Ensuring sexual and reproductive health will not only benefit the women employed, but the factory owners as well.
Talking about sex is taboo in Bangladesh. However, remaining silent increases risks for millions of women and those working in the fast fashion industry are especially vulnerable to sex and menstrual health related diseases.
Last summer, around 600 women gathered in front of Northern Tosrifa’s factory in Bangladesh. The factory supplies garments for renowned European brands. The security guards and factory management had a hard time controlling the crowd. There was chaos and yelling everywhere. But this was not the scene of a violent workers’ strike like those we have seen erupting since the Rana Plaza disaster of 2013, where over 1.100 garment workers lost their lives. No, these workers had come together for a Hepatitis B vaccination.
The garment industry in Bangladesh is a 28-billion-dollar industry with over 3000 factories, and roughly four million workers, making fast fashion the largest source of employment in the country. 85% of this workforce consists of young women, most of them originally from rural areas - areas with strict taboos in relation to sex and menstrual health. This makes these women very vulnerable to health risks, especially due to insufficient personal hygiene, unsafe abortion, unsafe sex and inadequate family planning methods. And indeed, over 17% of these female garment workers suffer from sexually transmitted diseases and reproductive tract infections (STI/RTIs). Diseases that are preventable or easily treated provided you have the means and necessary knowledge. However, because of the taboos surrounding sex and menstrual health, these women are reluctant to talk about it and this reinforces the status quo.
“We women have all kinds of illnesses, we just can’t tell anyone. Especially if the manager of the factory is male,” says Ashamoni, an employee at Syed Garments. “Some of the girls are only thirteen years old, they will not speak up.”
85% of Bangladesh’s fast fashion industry’s workforce consists of young women
SNV worked with 20 factories to make SRHR services/products for + 64.000 workers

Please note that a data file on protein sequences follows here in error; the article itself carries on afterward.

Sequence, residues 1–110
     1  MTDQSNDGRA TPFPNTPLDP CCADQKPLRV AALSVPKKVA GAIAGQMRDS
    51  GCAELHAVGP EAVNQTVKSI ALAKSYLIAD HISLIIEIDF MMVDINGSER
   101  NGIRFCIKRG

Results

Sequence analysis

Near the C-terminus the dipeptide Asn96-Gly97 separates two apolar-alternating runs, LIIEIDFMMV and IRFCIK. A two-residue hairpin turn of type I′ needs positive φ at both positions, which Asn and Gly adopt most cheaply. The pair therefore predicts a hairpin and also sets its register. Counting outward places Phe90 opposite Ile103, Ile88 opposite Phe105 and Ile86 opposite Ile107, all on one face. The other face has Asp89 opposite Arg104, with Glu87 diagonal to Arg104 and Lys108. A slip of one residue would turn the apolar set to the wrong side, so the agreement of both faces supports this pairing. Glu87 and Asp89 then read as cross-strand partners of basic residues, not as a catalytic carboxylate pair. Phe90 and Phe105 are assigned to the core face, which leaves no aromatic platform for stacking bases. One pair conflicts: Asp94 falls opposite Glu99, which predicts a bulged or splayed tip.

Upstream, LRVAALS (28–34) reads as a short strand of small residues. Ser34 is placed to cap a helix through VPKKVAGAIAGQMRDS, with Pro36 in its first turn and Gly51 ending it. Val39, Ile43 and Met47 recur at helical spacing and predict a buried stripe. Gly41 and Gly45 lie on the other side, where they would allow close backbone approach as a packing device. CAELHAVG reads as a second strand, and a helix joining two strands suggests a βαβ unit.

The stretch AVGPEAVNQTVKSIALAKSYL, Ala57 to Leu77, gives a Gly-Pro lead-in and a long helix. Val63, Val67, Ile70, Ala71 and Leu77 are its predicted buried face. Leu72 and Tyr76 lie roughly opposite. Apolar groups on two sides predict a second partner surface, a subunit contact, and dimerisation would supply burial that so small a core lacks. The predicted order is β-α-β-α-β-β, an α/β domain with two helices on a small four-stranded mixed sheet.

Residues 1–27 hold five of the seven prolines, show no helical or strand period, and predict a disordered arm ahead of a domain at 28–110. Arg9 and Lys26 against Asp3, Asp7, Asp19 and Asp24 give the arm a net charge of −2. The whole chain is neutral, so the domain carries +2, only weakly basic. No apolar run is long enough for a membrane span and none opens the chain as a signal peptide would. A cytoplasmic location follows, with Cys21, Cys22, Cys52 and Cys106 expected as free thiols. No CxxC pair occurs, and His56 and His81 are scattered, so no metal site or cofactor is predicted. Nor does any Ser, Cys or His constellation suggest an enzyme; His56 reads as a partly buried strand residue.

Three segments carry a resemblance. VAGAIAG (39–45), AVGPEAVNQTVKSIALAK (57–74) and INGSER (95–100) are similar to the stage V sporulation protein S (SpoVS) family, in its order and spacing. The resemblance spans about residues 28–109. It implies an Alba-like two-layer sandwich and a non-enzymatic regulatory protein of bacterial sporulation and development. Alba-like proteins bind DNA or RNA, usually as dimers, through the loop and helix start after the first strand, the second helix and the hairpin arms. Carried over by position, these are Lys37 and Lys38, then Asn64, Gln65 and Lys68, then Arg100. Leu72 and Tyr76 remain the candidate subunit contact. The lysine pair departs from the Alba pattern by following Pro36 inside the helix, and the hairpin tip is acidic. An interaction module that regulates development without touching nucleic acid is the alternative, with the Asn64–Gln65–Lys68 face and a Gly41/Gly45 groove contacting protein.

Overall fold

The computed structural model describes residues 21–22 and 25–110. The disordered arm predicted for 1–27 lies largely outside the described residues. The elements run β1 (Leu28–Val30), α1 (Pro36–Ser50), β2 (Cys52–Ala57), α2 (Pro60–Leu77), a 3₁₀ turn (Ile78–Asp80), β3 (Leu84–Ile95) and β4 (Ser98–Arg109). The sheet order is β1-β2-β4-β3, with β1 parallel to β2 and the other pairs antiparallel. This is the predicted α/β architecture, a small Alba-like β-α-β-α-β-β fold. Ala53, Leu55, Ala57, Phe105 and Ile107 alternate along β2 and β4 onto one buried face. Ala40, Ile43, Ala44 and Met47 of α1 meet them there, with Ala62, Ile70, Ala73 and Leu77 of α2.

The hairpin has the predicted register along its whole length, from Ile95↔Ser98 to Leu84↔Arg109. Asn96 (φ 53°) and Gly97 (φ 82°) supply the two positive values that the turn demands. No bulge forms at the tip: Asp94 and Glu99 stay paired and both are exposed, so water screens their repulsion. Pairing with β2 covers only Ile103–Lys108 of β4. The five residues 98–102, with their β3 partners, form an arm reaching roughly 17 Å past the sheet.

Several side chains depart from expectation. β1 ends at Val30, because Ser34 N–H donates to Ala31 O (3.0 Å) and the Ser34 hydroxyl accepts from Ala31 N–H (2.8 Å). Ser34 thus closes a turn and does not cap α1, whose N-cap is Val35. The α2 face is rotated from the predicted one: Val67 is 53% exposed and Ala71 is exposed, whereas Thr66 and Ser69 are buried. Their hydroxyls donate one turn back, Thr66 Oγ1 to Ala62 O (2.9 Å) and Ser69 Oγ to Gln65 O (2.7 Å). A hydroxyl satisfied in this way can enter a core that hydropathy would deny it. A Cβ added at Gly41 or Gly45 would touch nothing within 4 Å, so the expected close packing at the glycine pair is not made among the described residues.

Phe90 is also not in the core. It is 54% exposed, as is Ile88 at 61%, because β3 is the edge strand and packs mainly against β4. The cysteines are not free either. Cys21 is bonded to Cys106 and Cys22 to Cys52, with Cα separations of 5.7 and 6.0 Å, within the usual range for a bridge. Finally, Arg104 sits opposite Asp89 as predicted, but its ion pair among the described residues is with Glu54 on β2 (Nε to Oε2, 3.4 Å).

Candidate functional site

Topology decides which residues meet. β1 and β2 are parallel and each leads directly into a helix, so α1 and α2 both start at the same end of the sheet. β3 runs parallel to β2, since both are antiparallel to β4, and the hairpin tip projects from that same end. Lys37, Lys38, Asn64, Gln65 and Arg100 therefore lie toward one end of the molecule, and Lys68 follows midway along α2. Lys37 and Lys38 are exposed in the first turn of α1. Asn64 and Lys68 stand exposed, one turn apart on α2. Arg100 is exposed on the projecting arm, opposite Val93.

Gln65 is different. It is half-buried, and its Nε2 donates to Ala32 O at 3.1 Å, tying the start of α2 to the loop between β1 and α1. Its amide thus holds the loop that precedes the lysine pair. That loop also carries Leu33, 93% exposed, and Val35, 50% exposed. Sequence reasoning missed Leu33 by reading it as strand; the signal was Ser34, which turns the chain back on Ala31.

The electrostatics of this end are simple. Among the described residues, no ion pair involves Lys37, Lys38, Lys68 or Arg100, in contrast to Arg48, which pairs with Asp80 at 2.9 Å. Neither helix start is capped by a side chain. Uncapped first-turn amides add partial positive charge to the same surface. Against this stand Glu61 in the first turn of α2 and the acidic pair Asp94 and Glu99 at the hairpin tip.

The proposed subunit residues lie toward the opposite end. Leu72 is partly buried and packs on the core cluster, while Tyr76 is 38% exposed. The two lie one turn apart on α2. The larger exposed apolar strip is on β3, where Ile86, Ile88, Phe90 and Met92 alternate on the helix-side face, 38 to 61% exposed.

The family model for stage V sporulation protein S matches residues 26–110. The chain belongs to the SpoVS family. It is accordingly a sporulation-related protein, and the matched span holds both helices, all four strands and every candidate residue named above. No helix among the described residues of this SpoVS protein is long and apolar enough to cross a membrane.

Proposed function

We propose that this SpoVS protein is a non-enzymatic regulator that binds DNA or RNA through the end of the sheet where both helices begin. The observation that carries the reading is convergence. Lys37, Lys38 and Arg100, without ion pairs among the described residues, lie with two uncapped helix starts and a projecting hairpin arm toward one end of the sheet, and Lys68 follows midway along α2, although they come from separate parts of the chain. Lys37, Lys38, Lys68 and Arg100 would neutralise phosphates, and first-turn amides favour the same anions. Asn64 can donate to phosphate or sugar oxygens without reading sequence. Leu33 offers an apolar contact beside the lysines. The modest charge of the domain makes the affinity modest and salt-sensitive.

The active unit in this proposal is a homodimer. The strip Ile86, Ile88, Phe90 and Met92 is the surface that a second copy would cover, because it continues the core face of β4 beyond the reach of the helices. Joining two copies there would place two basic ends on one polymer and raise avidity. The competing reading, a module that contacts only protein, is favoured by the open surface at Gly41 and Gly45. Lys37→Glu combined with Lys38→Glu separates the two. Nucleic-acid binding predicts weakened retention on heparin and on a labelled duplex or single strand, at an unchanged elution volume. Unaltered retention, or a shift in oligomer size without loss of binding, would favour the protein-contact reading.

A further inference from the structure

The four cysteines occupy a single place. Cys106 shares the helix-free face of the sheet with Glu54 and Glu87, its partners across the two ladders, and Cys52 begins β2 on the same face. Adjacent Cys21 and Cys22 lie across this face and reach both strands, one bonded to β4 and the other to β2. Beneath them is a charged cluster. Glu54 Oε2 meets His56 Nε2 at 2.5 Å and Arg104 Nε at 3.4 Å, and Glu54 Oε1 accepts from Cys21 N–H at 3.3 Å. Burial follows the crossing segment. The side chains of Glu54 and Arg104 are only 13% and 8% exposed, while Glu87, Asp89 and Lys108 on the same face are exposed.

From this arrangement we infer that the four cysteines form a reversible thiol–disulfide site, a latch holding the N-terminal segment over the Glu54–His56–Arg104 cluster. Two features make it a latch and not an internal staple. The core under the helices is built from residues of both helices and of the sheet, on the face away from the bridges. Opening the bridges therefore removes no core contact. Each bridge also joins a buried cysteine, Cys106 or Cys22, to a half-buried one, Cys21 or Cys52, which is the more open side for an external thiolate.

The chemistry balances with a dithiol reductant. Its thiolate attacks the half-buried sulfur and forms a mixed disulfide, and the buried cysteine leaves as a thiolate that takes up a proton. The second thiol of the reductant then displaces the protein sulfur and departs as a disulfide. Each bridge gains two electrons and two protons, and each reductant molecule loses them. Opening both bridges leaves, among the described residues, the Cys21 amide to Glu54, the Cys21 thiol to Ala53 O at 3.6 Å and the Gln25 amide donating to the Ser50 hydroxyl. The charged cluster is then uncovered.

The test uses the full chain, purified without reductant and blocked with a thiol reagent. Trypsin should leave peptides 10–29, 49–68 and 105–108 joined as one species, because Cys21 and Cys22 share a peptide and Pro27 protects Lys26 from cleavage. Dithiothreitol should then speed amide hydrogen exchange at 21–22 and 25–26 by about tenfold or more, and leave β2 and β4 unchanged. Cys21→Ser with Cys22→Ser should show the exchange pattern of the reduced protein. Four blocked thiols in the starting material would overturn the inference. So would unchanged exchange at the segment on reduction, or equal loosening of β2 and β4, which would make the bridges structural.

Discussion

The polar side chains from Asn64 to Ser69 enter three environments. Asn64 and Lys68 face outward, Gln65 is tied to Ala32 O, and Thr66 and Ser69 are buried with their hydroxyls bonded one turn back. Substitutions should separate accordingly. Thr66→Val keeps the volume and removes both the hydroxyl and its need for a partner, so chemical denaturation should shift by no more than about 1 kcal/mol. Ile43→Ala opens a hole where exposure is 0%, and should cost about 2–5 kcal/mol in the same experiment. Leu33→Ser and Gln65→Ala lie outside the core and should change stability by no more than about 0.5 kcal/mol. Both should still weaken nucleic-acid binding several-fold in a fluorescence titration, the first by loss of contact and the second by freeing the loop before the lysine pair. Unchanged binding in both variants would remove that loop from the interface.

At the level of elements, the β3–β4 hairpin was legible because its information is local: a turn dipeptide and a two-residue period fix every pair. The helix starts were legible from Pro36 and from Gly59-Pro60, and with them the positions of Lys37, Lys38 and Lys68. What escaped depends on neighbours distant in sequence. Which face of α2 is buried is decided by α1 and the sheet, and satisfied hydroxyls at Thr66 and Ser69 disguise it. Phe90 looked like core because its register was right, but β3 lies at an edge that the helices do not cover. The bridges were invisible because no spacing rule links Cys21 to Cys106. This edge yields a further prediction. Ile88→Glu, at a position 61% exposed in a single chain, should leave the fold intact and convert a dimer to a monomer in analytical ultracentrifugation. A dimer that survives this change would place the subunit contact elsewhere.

Working with women
After the Rana Plaza disaster brought to light the appalling conditions of garment workers in Bangladesh, the Embassy of the Kingdom of the Netherlands opted to fund SNV’s 'Working with Women’ project. The project seeks to raise awareness of sexual and reproductive health. SNV encourages garment factory owners to play an active role in their workers’ health and well-being, by providing much-needed health insurance or in-house professional medical advice.
We refrain from using traditional awareness and capacity building programmes that target only workers, since that would create demand without providing supply. Instead, we involve all relevant parties to safeguard prolonged access to better health conditions for workers. This involvement is key to our inclusive business concept. We work with companies to gain access to a wider pool of quality resources, creating market based opportunities, while members from low-income communities become commercial producers or valued employees. “At first the women were reluctant to open up.” Ashamoni describes the first awareness workshop held by SNV at Syed Garments, “These girls from the NGO started talking about sex. It was the first time I heard something like that. Some people were so embarrassed that they didn’t talk to them at all.”
Ensuring sexual and reproductive health and rights (SRHR) will not only benefit the women employed, but the factory owners as well. Losses from absenteeism resulting from such illnesses are costing the industry over $22 million a year. For example, BSR’s Her Project reported that for every $1 (€0.85) invested in women’s health by factory owners brings a return of $3 (€2.50) through higher productivity, lower turnover and reduced absenteeism.
Despite the initial reluctance demonstrated by women like Ashamoni, the Managing Director of Syed Garments decided to cooperate with SNV and invest in his employees’ health and well-being. He installed a booth within the factory’s premises, where a health specialist now provides SRHR information, facilities and products such as contraceptives.
“At first, I was scared to go to this specialist, but when I saw my sister-in-law who also works here go into the booth, my friends and I started visiting regularly,” says Ashamoni.
A stitch in time…
To reach a wider audience, SNV publicly awarded best practices to factories that supported their female workers’ access to convenient and affordable SRHR services. Further publicity is given via talk shows in partnership with leading media in the country. And we have discussed the importance of incorporating policies with the government and trade bodies so these policies are adequately implemented.
The current phase of the programme came to an end in July 2017 and resulted in SNV having successfully worked with 20 separate factories to make SRHR services and products available for more than 64.000 workers. It’s a promising result, but one that highlights the plight for millions of other women in Bangladesh who remain without proper sexual and reproductive health care. Systemic change at such a large scale rarely occurs overnight. But growing numbers of responsible businesses and consumers give reason for optimism. Finding ways to talk about sex not only helps to remove age-old barriers for women in Bangladesh, but also reduces the human cost at which fast fashion regrettably often comes.